‘The scandals never end’: yet another poisoning case hits China’s toxic zone

Victims express anger that Hunan is still plagued by cadmium poisonings after court jails 10 for latest leak of hazardous waste

PUBLISHED : Wednesday, 04 April, 2018, 7:28pm
UPDATED : Wednesday, 04 April, 2018, 7:28pm

Li Songlin felt overcome with anger when he heard that the local authorities had punished those responsible for a case of heavy metal pollution – news that brought back painful memories of a similar case in his home town in central China.

The trigger in this case was the disclosure that a court in Xiangtan, Hunan province had jailed 10 people for running an illegal chemical plant.

But nine years ago Li’s home village Shuangqiao suffered a similar case of cadmium poisoning that killed dozens of people and poisoned hundreds more.

After years of suffering , his father died of lung cancer in 2014, which Li believes was caused by the cadmium poisoning.

Factory owner and staff arrested for making bricks for homes with toxic waste

Hunan province is home to many of China’s industrial plants and there have been hundreds of similar cases.

Cadmium is a toxic heavy metal and breathing air with very high levels of cadmium can prove fatal.

Long-term exposure to lower levels of cadmium can cause damage to kidneys, lungs, bones and the intestinal tract as well as causing cancer.

In 2013, an investigation found that rice grown in the province contained excessive levels of the industrial chemical.

In the latest case, cadmium produced at an illegal factory in the farming town of Chaensi started leaking into the soil surrounding the area, contaminating local farmland.

In February last year, a few months after the plant started operating, locals complained they were being poisoned.

Investigators found that soil samples from the are continued up to 1,040 times the permitted levels of cadmium.

In June the plant was closed by the authorities, who seized more than 10 tonnes of cadmium alloys, and 10 people arrested.

On Wednesday the news portal Thepaper.cn reported that they had been given prison sentences, without giving further details, and fined over 1 million yuan (US$159,000) to compensate their victims.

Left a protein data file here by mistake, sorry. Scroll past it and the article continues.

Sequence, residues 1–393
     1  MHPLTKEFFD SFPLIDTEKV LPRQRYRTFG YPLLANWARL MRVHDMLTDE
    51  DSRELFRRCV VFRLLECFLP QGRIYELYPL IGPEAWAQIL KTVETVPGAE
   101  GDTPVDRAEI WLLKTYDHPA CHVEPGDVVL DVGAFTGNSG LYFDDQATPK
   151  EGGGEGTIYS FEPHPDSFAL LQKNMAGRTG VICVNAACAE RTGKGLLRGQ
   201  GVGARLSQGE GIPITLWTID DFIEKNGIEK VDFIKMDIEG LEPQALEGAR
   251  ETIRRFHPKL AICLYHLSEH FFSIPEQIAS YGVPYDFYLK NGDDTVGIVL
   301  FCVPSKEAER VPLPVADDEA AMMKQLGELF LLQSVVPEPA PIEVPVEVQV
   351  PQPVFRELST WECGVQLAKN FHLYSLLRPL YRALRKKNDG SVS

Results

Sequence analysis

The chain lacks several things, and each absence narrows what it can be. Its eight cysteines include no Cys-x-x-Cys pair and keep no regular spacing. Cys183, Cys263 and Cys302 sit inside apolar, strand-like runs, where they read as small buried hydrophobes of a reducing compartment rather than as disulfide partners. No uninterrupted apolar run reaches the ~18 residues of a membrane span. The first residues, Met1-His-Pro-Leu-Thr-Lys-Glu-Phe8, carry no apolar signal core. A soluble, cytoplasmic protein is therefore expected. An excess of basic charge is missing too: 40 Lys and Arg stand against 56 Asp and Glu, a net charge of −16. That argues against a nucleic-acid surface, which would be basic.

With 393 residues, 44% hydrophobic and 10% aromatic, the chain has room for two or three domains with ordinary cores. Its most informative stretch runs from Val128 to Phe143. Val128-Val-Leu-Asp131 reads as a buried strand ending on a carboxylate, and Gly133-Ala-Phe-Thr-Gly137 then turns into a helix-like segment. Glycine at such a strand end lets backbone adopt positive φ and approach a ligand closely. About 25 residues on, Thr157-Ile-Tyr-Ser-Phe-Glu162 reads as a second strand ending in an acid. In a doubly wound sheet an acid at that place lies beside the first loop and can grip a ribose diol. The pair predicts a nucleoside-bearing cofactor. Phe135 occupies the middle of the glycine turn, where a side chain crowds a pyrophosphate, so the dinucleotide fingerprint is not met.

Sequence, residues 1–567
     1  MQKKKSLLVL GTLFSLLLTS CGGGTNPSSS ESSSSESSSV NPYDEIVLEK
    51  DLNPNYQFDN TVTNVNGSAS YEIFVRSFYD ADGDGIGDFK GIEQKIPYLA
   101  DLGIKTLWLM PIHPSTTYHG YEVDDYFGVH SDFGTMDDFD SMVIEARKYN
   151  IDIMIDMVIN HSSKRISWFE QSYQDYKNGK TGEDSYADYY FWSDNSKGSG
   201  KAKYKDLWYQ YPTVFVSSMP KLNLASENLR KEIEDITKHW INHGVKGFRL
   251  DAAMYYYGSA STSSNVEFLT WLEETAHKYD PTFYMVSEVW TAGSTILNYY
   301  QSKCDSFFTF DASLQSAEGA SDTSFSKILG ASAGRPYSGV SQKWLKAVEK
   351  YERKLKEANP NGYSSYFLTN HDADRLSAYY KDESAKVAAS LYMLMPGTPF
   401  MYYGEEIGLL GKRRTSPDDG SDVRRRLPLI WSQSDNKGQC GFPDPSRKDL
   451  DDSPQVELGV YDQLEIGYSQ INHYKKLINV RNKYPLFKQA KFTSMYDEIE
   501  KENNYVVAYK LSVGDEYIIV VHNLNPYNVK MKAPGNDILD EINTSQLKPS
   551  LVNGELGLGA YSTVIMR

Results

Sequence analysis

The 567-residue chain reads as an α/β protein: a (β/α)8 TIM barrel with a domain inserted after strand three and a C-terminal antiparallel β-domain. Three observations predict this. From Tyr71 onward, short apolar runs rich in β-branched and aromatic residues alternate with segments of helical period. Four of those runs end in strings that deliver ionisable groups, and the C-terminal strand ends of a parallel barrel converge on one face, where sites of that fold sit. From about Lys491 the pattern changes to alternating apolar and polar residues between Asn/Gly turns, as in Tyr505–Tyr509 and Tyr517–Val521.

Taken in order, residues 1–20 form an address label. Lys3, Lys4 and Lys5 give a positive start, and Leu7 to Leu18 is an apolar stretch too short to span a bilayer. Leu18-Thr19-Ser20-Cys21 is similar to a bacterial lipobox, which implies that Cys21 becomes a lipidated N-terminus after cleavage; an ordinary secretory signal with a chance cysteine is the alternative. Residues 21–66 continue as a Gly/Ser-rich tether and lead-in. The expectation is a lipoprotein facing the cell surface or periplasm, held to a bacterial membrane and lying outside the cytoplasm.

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But Li said that for most victims of cadmium poisoning no sentence and fine is sufficient. “Their life will never be the same again, and polluted farmlands cannot be restored.”

The metal poisoning scandal in his home was widely reported at the time after a large protest by residents attracted the media’s attention.

The case centred on the Xianghe chemical plant, which opened in 2004, ostensibly to make an animal-feed additive but in reality was producing indium – a toxic metal used in solar panels and LCDs.

The factory’s discharges of untreated effluent containing cadmium and indium poisoned wells and seeped into the soil of farmers’ fields, but environmental protections officials were bribed to turn a blind eye to its illegal operations and ignored villagers’ complaints for years.

Toxic plant shut down, but Hunan village residents still dying

Their plight only came to the public’s attention in July 2009 after they staged a protest about five residents who had died from cadmium poisoning and laid siege to government buildings.

Faced with mounting public anger, the authorities promised to act. The factory manager was arrested, the plant razed to the ground and some local officials were fired.

The authorities subsequently admitted five people had died from cadmium poisoning, and medical examinations of people living within 1.2 kilometres (1,300 yards) of the site found almost 600 had been seriously affected by exposure to zinc and cadmium.

The local government offered one-off compensation of 3,800 yuan for all residents living within a 500 metre radius of the site – regardless of their health status – as well as a one-off payment of 1,200 yuan for every 667 square metres of farmland they owned.

But villagers said the true number of people dangerously exposed was or three times higher than the official numbers.

Locals have since complained that officials remain indifferent to a growing number of cancer deaths – including Li’s father that they blame on the poisoning – and complain that their land remains contaminated.

“We are still suffering but already forgotten by the outside world,” Li said.

“New cadmium poisonings are still happening in the province. It seems like it will never end.”